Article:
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VOLUME LXXVIL— NO. 118.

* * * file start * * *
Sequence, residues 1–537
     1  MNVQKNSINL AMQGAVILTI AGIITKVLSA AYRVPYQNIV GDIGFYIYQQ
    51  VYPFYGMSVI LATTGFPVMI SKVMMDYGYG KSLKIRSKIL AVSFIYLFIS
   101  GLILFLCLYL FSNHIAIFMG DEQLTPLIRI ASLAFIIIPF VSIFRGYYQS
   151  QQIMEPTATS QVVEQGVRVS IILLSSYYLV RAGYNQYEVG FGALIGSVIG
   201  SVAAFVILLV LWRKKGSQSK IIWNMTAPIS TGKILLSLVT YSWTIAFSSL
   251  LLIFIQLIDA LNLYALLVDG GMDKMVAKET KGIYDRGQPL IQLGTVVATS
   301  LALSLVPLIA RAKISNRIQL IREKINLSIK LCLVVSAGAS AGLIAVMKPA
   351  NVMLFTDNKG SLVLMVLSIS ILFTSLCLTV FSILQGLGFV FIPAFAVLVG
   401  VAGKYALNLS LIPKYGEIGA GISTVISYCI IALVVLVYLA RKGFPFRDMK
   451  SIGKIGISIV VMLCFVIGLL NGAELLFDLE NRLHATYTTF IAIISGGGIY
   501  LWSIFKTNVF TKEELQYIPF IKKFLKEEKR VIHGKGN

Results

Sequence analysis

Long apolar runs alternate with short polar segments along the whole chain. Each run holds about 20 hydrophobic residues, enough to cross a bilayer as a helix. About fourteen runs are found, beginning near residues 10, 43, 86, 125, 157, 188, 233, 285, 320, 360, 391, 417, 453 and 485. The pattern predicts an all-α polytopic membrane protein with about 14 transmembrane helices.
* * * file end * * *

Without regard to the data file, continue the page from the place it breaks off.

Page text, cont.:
PACIFIC COAST NEWS An Eastern Firm Buys Sweet Wines at Los Angeles. THE CARSON MINT LOOT. Idaho Union Men Drive a \: Miner From rfis Work ■ ;. Near Wallace. DUTCH FLAT ROBBER CAUGHT. A Santa Fe Overland Train Strikes ■": an Obstruction on the Track and Is Derailed. '.■) LOS ANGELES, Cat.. April 6.— Several -.'-.days ago the Sonoma Wine and Brandy • /Company of Brooklyn, N. V., bought up : V the bulk of all the sweet wines in Southern California, and to-day the last of the ... 200,000-gallon purchase was shipped East. ••'The price paid was 20 cents a gallon. .Y 'The sale of this lot has produced an .'. excellent impression on the sweet-wine .:' makers of thij section, they being con ' vinced that it is but the beginning of future ; : -large- orders and a steady trade in sweet V' wines between the East and southern Cali ', . ■ fornia. To Establish a Xeirspaper. -. -LOS ANGELES, Cal., April 6.— A new morning paper is going to be established .' . in this city. Articles of incorporation were drawn up to-day by the well-known • attorney J. Marion Brooks. The incorpor ators are Joseph D. Lynch, formerly editor " and proprietor of the Herald, and a num c ber of newspaper men from Cincinnati, Pittsburg and Washington„D. C. The capital stock is placed at $100,000. . The name of the new paper has not yet been selected, but it will be Independent Democratic in politics. The articles of in ' corporation will be filed with the County Clerk next Wednesday morning. A. Carpenter's Bad Fall. LOS ANGELES, Cal., April 6,— J. B. Copelin, a carpenter working on the block " , in course of erection at the corner of Third . .street and Broadway, fell from the third .'.: story and was wedged between joists of the -. • floor below. He will probably die. ZODI-STOCKTOX ELECTRIC ZISE. Active Operations by the Promoters of ■:■'■'" the »tc Road. [':■'; : LODI, Cal., April 6.— The possibility of in electric road for both passenger and . freight purposes, to run between Lodi and the' steamboat landing In the city of Stock - ton, twelve miles away, is rapidly becom ing a probability. J. N. Hartzell of Stock ton, and H. C. Bunn, a Chicago capitalist, • «re the prime movers in the project. . Active steps toward securing rights of way and a franchise are being taken under the name of "Stockton and Lodi Terminal Railroad Company." The right of way to the water front from the town limits of kton has been secured. The people of Lodi and vicinity are all eager for competition in the transportation line, and many heavy shippers are ready to pledge all their freight to the new road. James A. Loattit is attorney for the com •pany. .■; _ ♦ •■.; JPRI V.MX FROM WORK AT WALLACE. ...JSijc Masked Ken Intimidate a JVo« \"•■".'."*• • Union Sliner in the Oetn Mine. •WALLACE, Idaho, April 6.— J. J. Mills, ;= a. miner employed in the Gem mine on '"■ "Canyon Creek, was driven from his work : ' last night by six masked men armed with " .revolvers. They took him down the canyon about half a mile below Gem, where they left him, after telling him • never to return. •■•• Mills has a family and has lived in Wal • lace eight years. No cause is assigned for the* treatment except that he is not a union man. The men who drove Mills away are , sppposed to belong to the band that mur- ; = dered John Kneebone at the Gem mine -last July. The Sheriff was promptly noti fied; but no arrests .have been made, as identification is difficult. --. . • ;•••' IX JAIL AT AVBVIiX. Capture of the Last of the Highbinders Jl~ho Looted a Dutch Flat Store. AUBURN, Cal., April 6.— The sixth and last of the Chinese highbinders who robbed the store of a Chinese merchant at Dutch Flat was caught this afternoon at the American River bridge. Sheriff Conroy had traced him there and deputized Signal Service Agent Charles Crane. The latter soon came across the Chinaman and ar rested him. About $150 was found on the .prisoner. i .. It is evident that the highbinders divided . the plunder, which is in keeping with the disposition of the Chinese not to trust one another. THE CARSON MINT LOOT. Untnors Ttiat Arrests Are to He Made by (Inrrrnment Officers. CARSON, New, April 6.— The investiga tion in the matter of the looting of bullion from the mint in this city is still in prog ress and matters are reaching a crisis. In dications are that the total value of the missing bullion may exceed the sum first stated, which was $65,000. It is rumored here that arrests may be made by Govern ment officers next week. Verdict Against the Western Union. CARSON, New, April 6.— The jury in the case of Louis Engler vs. the Western I'nion, for injuries received by running into a fallen wire, rendered a verdict of $15,000 for plaintiff. The case will be ap pealed. CHINESE B WORN AT FRESNO. The Oath Administered in Accordance With the Heathen. Habit. FRESNO, Cal., April 6.— ln the prelim inary examination of Ah Souie on the charge of murder to-day the strange form of oath used in China was administered to the witnesses for the prosecution. It was done at the request of the defendant, who feared that his accusers would not con sider themselves bound by the usual oath and would testify falsely against him. When the oath was to 0e administered the Judge, lawyers, interpreter and de defendant went into a yard back of the The San Francisco Call. courtroom. Here two chickens were killed and tapers were burned to give .solemnity to the occasion. It is the only time the strange rite has been performed in this county and it excited great interest among a crowd of spectators. «. COLUSA MAX DIES Or A WOUND. One of the Victims of a Shooting Affray Passes Away. • COLUSA, Caj... April 6. — Lemuel Vaughan, who was shot in a fight by J. Beavers last Saturday,, died of his wound this morning. Seavers, who was shot by Vaughan after the latter had been wounded with his own pistol which V&aghan took from him, is slowly re covering, though he is still in danger. t The shooting was the result of slander, Seavers told Vaughan that his wife had been out riding with Vernon Watt. "Watt heard of this, and promptly administered a beating to Seavers. Then Vaughan took Seavers to his house to make him retract the slander. The men quarreled, and the shooting followed. «*■ HEARING AT MARTINEZ. Preliminary Examination in the Matter of William Iteynom's Killing. MARTINEZ, Cal., April 6.— The pre liminary examination of R. F. Simpson. who shot and killed William Beynom at the Red House on March 25, began here to day before Justice J. B. Smith. The prisoner was represented by H. C. Chapman of Oakland, and District At torney Brown appeared for the people. MISS BELLE SPOTTSWOOD. MISS ISABEL DONOVAN. MISS ADDIE STEITS. THREE BEAUTIES, ONE OF WHOM MAY BE SELECTED AS THE FESTIVAL QUEEN. [Drau-n from photographs.] Mrs. Beynom, John Bchuld, William Ras mussen, John Patruel, Walter Mills, Frank Gaskell and Dr. C. E.-Camp were examined for the prosecution, and Samuel H. Lin grade, Mr. McAvoy and WiUiam Davis for the defense. The examination was con tinued to Monday morning at 10 o'clock, when the prosecution will present more testimony. The courtroom was crowded with specta tors, many being from San Pablo and the vicin ity of the locality where the shooting took place. TRAiy nr.RAii.En at fasadeka. A Spike on the Hails Came Xear Caus- ing a Disaster. PASADENA, Cal., April 6.— Overland train 1 on the Santa Fe road jumped the track to-night while approaching the sta tion about 6:30 p. m., and the engine bumped along on the ties for a distance of about 100 feet, shaking up the passengers in a lively manner. The cause of the derailment was a spike which had evidently been placed upon one of the rails. The passengers will have to stay here till morning while the wrecking crew is putting the engine back on the rails. RECEIVES ORDERS AT SEATTLE. The British Man-of- War Pheasant to I'atrol Bering Sea. VICTORIA, B. C. April 6.-H. M. S. Pheasant has received telegraphic orders from Admiral Stepbenson on the flagship Royal Arthur to proceed uonh on April 'M and to patrol Bering Sea and the fishing grounds durine the close season, which begins May 1 and extends three months, during which time, under the Paris award, all pelagic fishing on this coast is stopped. The orders also direct Captain Garforth to carry out any new regulations that may be agreed upon Between the two countries. Two Death* at Vetaluma. PETALUMA, Cax., April 6.— Adam L. Rankin died this morning after a long ill ness. Rankin was a chaplain in the One Hundred and Thirteenth Illinois regiment during the war, was a member of George H. Thomas Post, G. A. R., of San Fran cisco, and was well known throughout California for his work as a home mission ary of the Congregational church. He was a native of Tennessee and aged 78 years. Mrs. M. Donaldson died here last even ing aged 88 years. She was one of the oldest residents of the township. Tide-Land Suit at Seattle. SEATTLE, Wash., April 6.— Frederick Schlopp to-day commenced a friendly suit in the Superior Court against the Land Commissioner and the Seattle and Lake Washington Waterway Company to en join the carrying out of the contracts for the filling in of the Seattle tide flats. The purpose is to obtain a judicial decision in terpreting the law under which the con tract was let. The Superior Court ren dered a decision favorable to the company on all points raised and the case will be heard m the Supreme Court next week. SAN FRANCISCO, SUNDAY MORNING, APRIL 7, 1895 — TWENTY-SIX PAGES. ALL SONOMA VOTING The County to Choose the Queen of the Roses. CONTEST AT SANTA ROSA. Rivalry to Reign Amid the Flowers of the Carnival Is Growing. BEAUTIES WHO ARE POPULAR. They Each Have Many Friends and Supporters in the Interesting Contest. I SANTA ROSA, Cal., April 6.— The good people of Santa Rosa are on the threshold of expectancy— waiting for the sunny May days when Flora, Queen of the flow ers, will reign in their lovely city. One <s before the Flower Queen awoke the slum bering roses of Santa Rosa and received courtly tribute. She came almost un heralded, with an air of timidity and doubting about her followers, who, while they spread a carpet of roses over her path, wondered if the populace would do her most gracious majesty full honor. That was but a year ago, and to-day memories of the festivities attendant on Flora's re ception are so entirely pleasant, active preparations are in progress for the carni val of roses to be held on May 8, 9 and 10. A unanimity of sentiment prevails that this event, which, as it recurs yearly, will make Santa Rosa famous far and near, shall be a success through and through. Not a single dissenting voice can be heard, for everybody here is enthusiastic over the carnival. The people want it. They know they have a city of roses with a cli mate and a land which cannot be more truthfully nor more impressively presented to the world than by this very means. And then they have learned to love the abandon of a battle of roses, with glorious blossoms filling the air and transforming streets into wondrous mosaics of creams and crimsons, and everywhere a fragrance fit for the gods alone. "But who is the fair sovereign to be?" That is a question which now agitates Santa Rosa, yes, even the towns of the val ley stretching from the bay to Cloverdale, for Petaluma, Healdsburg and possibly other centers of population are taking a deep interest in it. A voting contest for the rose queen is in progress here, and only by popular ballot can this interesting question be decided. The elective franchise, so to speak, has been extended to all people who wish to pay ten cents for the privilege of voting for their choice, and with a broad spirit it has been extended throughout Sonoma County, thereby giving neighboring towns a chance to compete. It is not enough that Santa Rosa should possess the fair queen. Her sister cities may enter if they so desire, and eventually one of them may have the honor of win ning the prize. And so there is already a very wholesome rivalry in the contest for queen of the rose carnival. Last Tuesday a ballot-box was placed in Wrisrht's sta tionery store on the main street and orna mental signs were hung up about the place asking everybody to cast a vote. As expected at the beginning, voting has been rather slow so far, because people do not know who the young ladies are for wliom they should vote. The committee having in charge the pub lic ballot for Queen of the Rose Carnival examined the box to-day and counted the ballots. Miss Elaine Davis had the highest num ber of votes. The otherß voted for are: Miss Millie Matthews, Miss Belle Spotts wood, Miss Kate Denman of Petaluma. Mr?. Walter Byington, Miss Emma Shea, Miss Maggie Honey, Miss Isabella Dono van, Miss Addie Steits of Healdsburg, Miss Bhelton of Stony Point, Miss Yost of Kenwood. Miss Donovan is a very popular girl among the Santa Rosans. She has made her own way in life and into social popu larity, and is now in charge of the Sunset Telephone Office here. She is a vivacious and entertaining young lady of the demi blonde *ype, whose winsome personality has secured her a host of friends who will support her in the contest. Miss Spottswood is the granddaughter of Thomas Hopper, one of the wealthiest men of the county, and moves in the "avenue set" — the aristocratic society of McDonald avenue. The beaus of Santa Rosa say she is one of the local beauties and a really interesting girl with numerous admirers, who believe she stands a good chance of winning. Miss Elaine Davis is the young daughter of J. B. Davis, the railroad man. It was thought that she would be queen by selec tion, but the committee failed to agree on a choice. Being very pretty and engaging, she could grace the coveted position and do honor to it as well. Miss Steiis of Healdsburg has many ad mirers here as well as up the valley, where it is believed an active canvass will be made in her behalf. If the citizens of Healds burg had chosen a candidate for queen by mutual consent they could hardly have taken a more beautiful or more generally liked girl than Miss Steits, about whose prospects there is no end of speculation just now. Miss Shelton of Stony Point and Miss Denman of Petaluma will have such gen erous support that it is highly probable the queen may come from the lower end of the valley to preside over the carnival of roses. Of course, many other ladies are favoritei, though at the present time it is not possi ble to say if they will be in the contest. After the queen is elected she will select her maids of honor from the towns of So noma, all of whom will come with their friends in throngs to add eclat to the fair queen's carnival. The committee on entertainment for the rose carnival held a meeting last night and discussed a programme for the second evening. Cassasa's band of San Francisco has ten dered its services upon terms that are con ceded to be quite liberal. It is believed that this band will be secured to play at the Atheneum on the occasion of the de livery of the prizes. Governor Budd and his staff will, in all probability, be present. Mayor Sutro of San Francisco and the leading officers of the National Guard are also to be invited. Another suggestion under consideration by the committee is to have a local amateur theatrical en tertainraentbyyoung ladies and gentlemen lavishly decorated with flowers. The features of the play are to be floral in character, and it is to be written by a local playwright. The performance is to be inter spersed with songs of flowers by local talent. The country people are taking an active interest in tho carnival and every indica tion is that an immense throng of people will be present. The committee on programme and enteY tainment is composed of Hon. J. T. Camp bell, Mrs. Dr. Finley, Mrs. Mayor Wood ward, Mrs. Judge Dougherty, Dr. Porter, Mrs. P. P. Rue and Major L. W. Juilliard. HIGH SCHOOL JFIKLn DAY. The Winners of the Various Events at South, I'urh. SANTA ROSA, Cal., April 6.— The pupils of the Santa Rosa High School had a grand field day at South Park, near this city, to day. There were many entries in all events, and there was lively rivalry in all sports. Cecil Riley acted as field captain. The events and winners are as follows: 100-yard dash— Won by Ben Hall. Time, 11 seconds. Running broad jump— Won by E. Dv Bose. Distance, 17 feet 3 inches. Running high jump— Won by C. Wooley. Dis tance, 4 feet 8 inches. Tutting the shot— Won by C. Riley. Distance, 30 feet 4 Inches. 220-yard dash— Won by B. Hall. Time, 27J^ seconds. Standing nigh jump— Won by Hall. Distance, 3 feet 9 Inches. 440 yard dash— Won by Hall. Time, 55 seconds. Hammer throwing— Won by Coulter. Dis tance, 77 feet 6 inches. 120-yard hurdle race— Won by Hall. Time, 20 seconds. Standing broad jump— Won by Surryhne. Distance, 9 feet. Half mile bicycle race— Won by Frederick Lemmon. Time, G6J2 seconds. In competing in the standing broad jump event Ted Crawford, son of Judge Craw ford, broke bis right leg at the ankle. SAN BERNARDINO SIN Two Youthful Baptists Guilty of Dancing at a Cotillion. DECREE OF THE CHURCH. Unless the Transgressors Ask Forgiveness They Will Be Excommunicated. A PROTEST WILL BE MADE. Explanation of the Reasons for Mak ingr the Charges by the Complainant. SAN BERNARDINO, Cai,/, April 6.— Two members of the Baptist Church of this city have been called upon to explain their conduct in having attended the most brilliant party of the year. Company E's cotilon party was indeed one of the most enjoyable and exclusive events ever given in this city, but the rigidity of church discipline seems to have been violated when members of the organ ization lent their presence on that occa sion. R. G. King is a member of Company E, and of course was present at the party given in honor of the organization. He is a member of the Baptist Church of this city, as is also Miss Pearl Barnes, a social favorite, who had accepted an invitation and attended the cotillon. At a business meeting of the members of the church last Wednesday evening charges were preferred by H. A. Reed against Mr. King and Miss Barnes, for conduct unbecoming Christians, and they were cited to appear three weeks from that date to show cause why they should not be expelled from the church. There is no interdiction against dancing in the church code, but each communicant covenants to do nothing improper or un becoming to Christians. Mr. Reed, who brings the Charges, said to the Call's cor respondent that dancing by one member of a congregation brings the whole congrega tion into disrepute. It will be demanded of the offending lady and gentleman that they publicly ac knowledge their faults and ask the congre gation's forgiveness. Mr. King is not inclined to let the matter go unnoticed, and says he will contest it when it comes before the congregation. He maintains that while the church may not give its>approval to dancing, that form of amusement is not specifically for bidden, and that he has the right to elect for himself whether he will indulge in the amusement. However, the members of the church, while regretting much that the difficulty has become public, incline to the view that there is no such latitude permitted by the discipline of their organization, and some of them expressed themselves that there could be but one result unless the young people admitted their fault and asked for pardon. Big Shipments of Oranges. SAN BERNARDINO, Cal., April 6.— Fifty-three \ carloads .' of oranges were shipped from here during the week ended to-night, making a total of 914 carloads for the season to date. Orders from Eastern points are coming in fast, and are expected to continue so for navels to the close of the season. V __• SAN DIEGO-SALT LAKE LINE A Utah Capitalist's Proposal to Form a Company to Build the Road. Citizens Are Enthusiastic Over the Scheme and Are Taking Prelimi nary Steps In the Matter. SAN DIEGO, Cal., April 6.— An impor tant meeting was held to-night to discuss a new railroad proposition made by Thomas Taylor of Utah, a capitalist and prominent member of the Mormon church, to interest the people here in building a railroad from Salt Lake to the bay of San Diego. Mr. Taylor explained briefly his project, which was to turn his properties, con sidered worth $5,000,000, into stock in a company that would build a railroad to this city, thus affording an outlet for the coal and iron and a direct Eastern outlet from San Diego via the Rio Grande West ern. What he asked was only what San Diego had always promised and offered to a new railroad— terminal facilities and sufficient real estate to make it an induce ment to a company to seek this port. It was declared the sense of the meeting that if the proposition were found correct and as represented, it was believed that the cit) r could furnish depot grounds and terminal facilities and real estate to the value of $500,000. To bring matters into a tangible shape a committee of five leading citizens, consist ing of A. E. Nutt, Heber Ingle, U. S. Grant Jr., R. M. Powers and Watson Parrish, were appointed to confer with Mr. Taylor and report. The committee will meet Monday morning. The citizens are en thusiastic. Interviews with over 100 lead ing men show a remarkable sentiment in favor of pushing the project to completion. Mr. Taylor recently had an interview with Banker Peabody of New York, the power behind the Rio Grande Western, in which that gentleman said if the road were constructed to Cedar City, Utah, the Rio Grande would be extended to meet it, covering a gap of some 120 miles. This would afford an almost direct Eastern out let from San Diego, tapping a rich country. Mr. Taylor holds patents to immense coal and iron fields and he figures that coal can be laid down in San Diego at a price to drive the Australian coal from San Francisco, Honolulu and the southern coast as far as Cnllao. It is believed that Taylor represents the Mormon church in the project. As soon as the committee reports it is expected a public meeting will be held and a company formed. Major Lev! Chase offers eighty acres of land and other offers of land and cash made. One man controlling a water-front franchise says he will turn it in for stock in the new road. U. S. Grant Jr. said he had partially in vestigated the project and would .be glad to see the city of San Diego do all it could to secure the railroad. He > is convinced that the project is feasible and is ready to put up his share of preliminary expenses. ARREST OF A KIDNAPER. A Los Angeles Man Accused of Stealing a Jioy. SAN DIEGO, Cal., April 6.— A Dep uty Sheriff from Los Angeles County to day; took Frank Tofte back there on a bench warrant, lssued by Judge Clark of the Superior Court. • . Tofte was caught here while on the way to Lower California with a six-year-old boy he claimed as his son under circumstances pointing Vto kidnaping. . The details of the case could not be obtained from Los Angeles ; but Tofte claimed it was a case of domestic ■ infelicity, and, rather than surrender the boy to his wife, determined to flee. He said his wife was a , Catholic and he was a Protestant, and the trouble was caused by relatives. Three months ago, he says, he found the house robbed of everything and the boy gone. His wife instituted divorce proceed ings and applied for the guardianship of the boy, but the Judge gave the boy to him. Tofte took him into the country and his wife applied for a writ of habeas corpus, demanding that he bring the boy back and also applying for guardianship. Tofte was to appear with the boy yesterday, but de cided to go across the line with him. It is believed that the other side of the story is materially different. . Colonel Scott's Appointment. SAN DIEGO, Cal., April 6.— Colonel Chalmers Scott will leave _ here to-morrow for South Dakota, in response to a telegram from Dr. William A. Winder, allotting agent for the Rosebud Sioux, appointing Colonel Scott chief engineer. There are some 3,500,000 acres in the Rosebud agency to be allotted, and the work will consume three or four years. Three surveying par ties are now in the field. SAN MIGUEL PHENOMENA Subterranean Upheavals at the Island Wrecked the Sloop Liberty. Severe Shocks Dismantled the Ves sel and a Maelstrom Whirled It as a Top. SANTA BARBARA, Cal., April s.— The strange wrecking of the sloop Liberty in Cuyler harbor on San Miguel Island on the morning of March 30, which was briefly mentioned in press dispatches, occurred during a visit to the island of the Call's correspondent. The wreck of the 6]oop was due undoubtedly to seismic disturb ances beneath the water. The sloop had been lying for two days in her customary anchorage in the southwest curve of Cuyler harbor. On the morning of March 30 the vessel lay a shattered hulk along the shore. The bows of the sloop were stove in and the mainmast was lying amidships, pointing sternward and envel oped in a tangle of rigging. The anchors, two in number, had dragged, and their thirty-fathom chains were wound around and around the keel of the vessel. Everything indicated that the sloop had received a severe blow from beneath the surface of the water and had then bean caught in a maelstrom, which had rolled her over and over. This view is confirmed by the experience of Captain Ellis' schooner, which anchored in precisely the same spot on Wednesday, April 3. At 12 o'clock, when the men were all below, a sudden severe shock sent the ship reeling and tossing, and brought the crew on deck. Immediately after the waters began to boil in a way never before witnessed on this coast by Oaptain Oleson, who is fa miliar with the whirlpools and maelstroms of Norway. The schooner began to drag its anchor, weighing 485 pounds, and attached to a heavy forty -five-fathom chain. Captain Oleson quickly slipped the an chor, after fastening a buoy to it, and got out of the harbor as quickly as he could set sail, only narrowly escaping drifting upon an ugly rock. Captain Oleson reports that the soundings of the anchorage, which were formerly four fathoms, are now seven fathoms, which shows a sinkage of six feet in solid rock at this point within a week. THE MURDER AT X ALA MA. It Was the Most Brutal Ever Committed in the County. KALAMA, Wash., April 6. — Further particulars of the killing of Homer Strait by Thomas Powell, his son-in-law, shows tfte murder to have been the most brutal one in the history of Cowlitz County. The men had had a lawsuit over a piece of land in which Strait won. Last Mon day Strait and a neighbor, named Piper, while near Strait's house, were met by Powell and Strait's wife, who had been living apart from him. The woman accosted Strait with the re mark that she had a crow to pick with him. Powell then began cursing Strait, and, drawing his pistol, fired a bullet, which passed through Strait's body just above his stomach. Strait tried to knock the pistol out of Powell's hand, but the latter succeeded in firing four more shots, none of which took effect. All this time the woman was pounding Strait over the head with an ox-goad, tear ing his scalp at every stroke. Piper finally separated the men and started home with Strait. # Powell then seized the ox goad and, run ning up to Strait, beat him into insensi bility. No arrests have yet been made. DEMAJfD FOB 2f EVA l> A HEEF. £aatern Buyers Depleting the Herds on the Itangp*. RENO, Nev., April 6.— Not for ten years has there been such a demand for beef cat tle as prevails this spring, and as a result the ranges are almost depleted. There is hardly a beef steer in Nevada, Grant Coun ty, Or., or that portion of California lying east of the Sierras, while last year there were fully 25,000\head seeking a market on the west side of the mountains. Eastern buyers have cleaned up all the beef in this section, and stock cattle have gone up about $2 per head. There is a better feeling among the stockmen now than for many years past. PRICE FIVE CENTS. FIRES ON THE COAST Destruction of the Big Pavilion at Santa Barbara. QUICK WORK OF FLAMES. The People Will Build a Larger Structure for the Flower Festival. BUENING OF A VINE HILL HOUSE Loss of Five Thousand Gallons of Win 9 Stored In the Cellar of the Place. SANTA BARBARA, Cal., April s.— The big pavilion in which the great ilower dis play for the Santa Barbara Festival and the Dance of the Flowers was to be held is in ruins, fire destroying it at noon to-day. Before the ashes were cool arrangements had been made to erect a new structure double the capacity of the burned building, which will be in readiness for the great fete. At five minutes past noon to-day an alarm called out the Fire Department. There was no need of designating the loca tion of the blaze, for from the pavilion arose a dense column of smoke and curling tongues of flame. By the time the firemen reached the spot the building was a roar ing furnace, and the cupola was tottering to its fall. So the tire-lighters' efforts were successfully directed to saving adjacent buildings and the racetrack stables. Fears were entertained for the safety of William Courtney, who was in the build ing at the time of the fire with some ladies and gentlemen, rehearsing a Greek play, but he safely escaped, a? did also the work men, who, however, lost their tools, and one of the men was severely scorched on the neck. The fire was caused by a spark from a young man's cigarette, which fell among pampas plumes and other inflammable decorations. The flumes spread so rapidly that the persons in and about the building became excited and forgot that a telephone was near by. They ran some distance to give an alarm, and so fully ten minutes elapsed before the Fire Department was notified, and the fire then was beyond control. In two hoars from the time of the fire, in fact before the flames were extinguished, the directors of the Flower Festival had, with commendable zeal and energy, called a meeting of prominent citizens and im mediately determined that they would con struct another and larger building in a more favorable location, with a seating capacity that should be double that of the one now in ruins, and to be ready in time for the festival. They propose to decorate it more profusely than before, as the rich have doubled their subscriptions. Santa Barbara will see to it that the peo ple shall not be disappointed. The cost of the burned building was $16,000, and insurance $2000. The Flower Festival Association was engaged in deco rating the building for the coming festival, and there is a loss of about $1500 worth of decorations, labor and material. firebugs at Soquel. SANTA CRUZ, Cal., April 6.— Recently Soquel has suffered from several fires, be lieved to have been incendiary. Yester day an apparatus consisting of a can and candle and a bottle half filled with coal oil was found in a building. The candle was partly burned, showing that an attempt had been made to fire the building. In the ruins of the fire which destroyed two buildings this week was found a can and a broken bottle. No cause can be assigned for the incendiary act, excepdfthat it is the work of some one with a mania for run ning to a fire. A Blaze at Vine Bill. SANTA CRUZ, Cat,., April G.-G. A. Branis' residence at Vine Hill, in the cel lar of which 5000 gallons of wine was stored, was destroyed by fire yesterday afternoon, caused by a defective flue. The loss is $4000, with small insurance. Santa Clara. Residence Burned. SAN JOSE, Cal., April 6.— The residence of Mrs. E. Q. Bennett at Santa Clara was destroyed by fire yesterday afternoon. The fire originated in an incubator. In fighting the fire Mrs. Bennett was badly burned. Governor JBudd Will Explain. SACRAMENTO, Cax., April 6. —It is stated that, on account of ad verse newspaper criticism and stated dis satisfaction by several parties concerned, that Governor Budd is engaged in the preparation of a document explanatory of his reasons for pocketing a number of bills which he failed to sign. The Governor has been shut up in his office all the even ing, and it has heen a matter of impossi bility to obtain an interview with him on the subject. unms &co'§ COPPER RIVETED .■ " ■ " - . AND SPRING BOTTOM PANTS. EVERY PAIR GUARANTEE!*. fOB SALE EVERYWHERE^"